Jan was still in the hospital when I phoned her, and we had a very poignant conversation about our lives, about the losses and about how desperately we both wanted to live (she, literally; I, figuratively.) For years we had talked about taking a road trip together from Los Angeles to Napa, and during that phone conversation we decided we didn’t have the luxury of waiting until things played out in our lives. We had no guarantee that she’d be here a year later, and we also had no guarantee that I’d ever be in a position, financially and emotionally speaking, to be able to justify taking a whimsical trip to the California wine country. So we threw caution to the wind and planned the trip while we still could. It happened in May of 2007. The photos that follow tell the story (though I didn’t take many in Napa), but to summarize it I’d say that at least for me, it was all about being present: present to laughter, present to beauty, present to a dear friend, present to each and every moment. It was profoundly healing.
Jan’s dog was quite upset that she didn’t get to go with us. I think this is her best, “How could you??” face.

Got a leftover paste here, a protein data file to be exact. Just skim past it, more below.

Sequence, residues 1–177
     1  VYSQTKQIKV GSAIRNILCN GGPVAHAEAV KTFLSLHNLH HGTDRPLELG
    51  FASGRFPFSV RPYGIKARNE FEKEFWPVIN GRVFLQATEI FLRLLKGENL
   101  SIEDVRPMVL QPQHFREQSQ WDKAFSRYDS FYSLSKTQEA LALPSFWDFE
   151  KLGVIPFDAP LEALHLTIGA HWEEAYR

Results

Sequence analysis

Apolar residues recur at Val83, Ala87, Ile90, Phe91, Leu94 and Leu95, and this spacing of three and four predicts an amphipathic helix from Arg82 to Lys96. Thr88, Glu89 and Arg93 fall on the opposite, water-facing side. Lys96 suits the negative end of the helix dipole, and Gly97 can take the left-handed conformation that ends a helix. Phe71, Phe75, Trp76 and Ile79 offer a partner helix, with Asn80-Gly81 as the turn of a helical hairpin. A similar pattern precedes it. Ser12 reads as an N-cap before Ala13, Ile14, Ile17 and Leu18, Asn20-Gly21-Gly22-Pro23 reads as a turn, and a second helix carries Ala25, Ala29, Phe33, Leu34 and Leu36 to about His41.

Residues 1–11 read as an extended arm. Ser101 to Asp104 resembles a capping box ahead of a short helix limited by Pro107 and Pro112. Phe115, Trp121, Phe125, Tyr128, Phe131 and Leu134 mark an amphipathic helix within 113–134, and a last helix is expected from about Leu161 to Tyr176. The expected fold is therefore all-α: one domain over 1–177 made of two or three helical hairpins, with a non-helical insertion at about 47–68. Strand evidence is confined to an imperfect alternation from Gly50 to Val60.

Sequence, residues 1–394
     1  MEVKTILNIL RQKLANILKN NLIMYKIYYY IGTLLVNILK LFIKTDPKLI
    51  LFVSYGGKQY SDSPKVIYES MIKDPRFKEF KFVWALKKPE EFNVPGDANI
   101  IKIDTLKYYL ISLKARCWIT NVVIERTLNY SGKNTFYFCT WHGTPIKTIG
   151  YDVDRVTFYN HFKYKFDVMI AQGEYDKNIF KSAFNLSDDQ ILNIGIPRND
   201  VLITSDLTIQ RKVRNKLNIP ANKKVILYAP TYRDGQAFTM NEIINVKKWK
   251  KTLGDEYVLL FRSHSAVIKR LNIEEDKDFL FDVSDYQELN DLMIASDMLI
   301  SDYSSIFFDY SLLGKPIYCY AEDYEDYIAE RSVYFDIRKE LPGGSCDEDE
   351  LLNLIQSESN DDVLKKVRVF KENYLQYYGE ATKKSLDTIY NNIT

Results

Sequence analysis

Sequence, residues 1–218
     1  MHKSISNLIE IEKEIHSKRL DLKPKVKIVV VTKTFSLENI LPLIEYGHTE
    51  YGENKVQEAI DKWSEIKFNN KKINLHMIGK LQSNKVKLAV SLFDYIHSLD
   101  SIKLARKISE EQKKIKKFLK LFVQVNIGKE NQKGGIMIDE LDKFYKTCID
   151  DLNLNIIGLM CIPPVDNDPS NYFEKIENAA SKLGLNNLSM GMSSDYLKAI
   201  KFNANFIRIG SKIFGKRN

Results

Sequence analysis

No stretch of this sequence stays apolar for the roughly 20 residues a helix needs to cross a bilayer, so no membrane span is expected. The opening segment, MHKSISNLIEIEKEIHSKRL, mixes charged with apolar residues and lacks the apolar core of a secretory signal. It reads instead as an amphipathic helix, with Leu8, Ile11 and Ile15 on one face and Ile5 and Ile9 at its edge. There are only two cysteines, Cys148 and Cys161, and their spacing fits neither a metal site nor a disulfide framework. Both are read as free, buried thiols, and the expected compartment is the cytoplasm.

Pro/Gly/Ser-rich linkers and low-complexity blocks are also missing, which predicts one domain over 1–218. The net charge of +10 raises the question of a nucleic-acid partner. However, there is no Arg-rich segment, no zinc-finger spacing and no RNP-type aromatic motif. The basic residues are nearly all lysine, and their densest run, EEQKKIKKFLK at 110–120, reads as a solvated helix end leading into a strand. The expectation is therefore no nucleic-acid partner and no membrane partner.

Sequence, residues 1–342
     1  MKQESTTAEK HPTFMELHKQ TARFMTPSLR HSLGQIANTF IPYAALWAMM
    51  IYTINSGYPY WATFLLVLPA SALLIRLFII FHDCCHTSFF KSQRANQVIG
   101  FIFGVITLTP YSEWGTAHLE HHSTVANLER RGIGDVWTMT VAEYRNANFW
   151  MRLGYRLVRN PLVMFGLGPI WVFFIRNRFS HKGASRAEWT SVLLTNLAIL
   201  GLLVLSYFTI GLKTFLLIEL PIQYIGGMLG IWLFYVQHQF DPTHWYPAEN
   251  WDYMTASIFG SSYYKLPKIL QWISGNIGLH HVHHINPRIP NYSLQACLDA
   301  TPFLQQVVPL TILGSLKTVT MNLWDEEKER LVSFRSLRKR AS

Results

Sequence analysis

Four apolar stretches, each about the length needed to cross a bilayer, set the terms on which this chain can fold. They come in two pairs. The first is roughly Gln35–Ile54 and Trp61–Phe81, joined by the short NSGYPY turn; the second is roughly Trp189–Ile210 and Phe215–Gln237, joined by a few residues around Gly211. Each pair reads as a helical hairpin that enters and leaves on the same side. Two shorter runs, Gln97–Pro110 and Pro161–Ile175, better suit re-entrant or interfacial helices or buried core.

Before we took off I shot a few photos of Jan and Jared. After all they’d been through, I can’t tell you how wonderful it was to see them laughing together. Theirs is a true love story.
And away we go!
We like to call this our Thelma and Louise shot. I asked zee French guys to take zee photo.
After visiting several wineries we stopped in Cambria to spend the night, which is on the central coast. (The movie "Sideways" was filmed in and around central California.) I dare say I enjoyed that more than I did Napa.
The “tablecloth” at our dinner table. Not sure what the hieroglyphics are about…probably a wine-induced art project.
We ended every day with a glass of Port and some chocolates. Why? Why not?
Spent some time in San Francisco the second day and pretty much just followed our noses. No agenda. There’s something soothing about just letting the wind take you where it may.
Jan found this hotel in Napa and it was fantastic. Comfortable rooms, gorgeous patio with fire pits. Highly recommended.
Our number one aim in Napa was to hit the wine train. And it did not disappoint. The train takes folks on a leisurely three hour, 36 mile trek through the wine country, and serves a gourmet meal (lunch or dinner) on a restored early 1900’s Pullman dining car. The food was fantastic. There’s also a tasting car, where you can sample a wide variety of wines from around the region.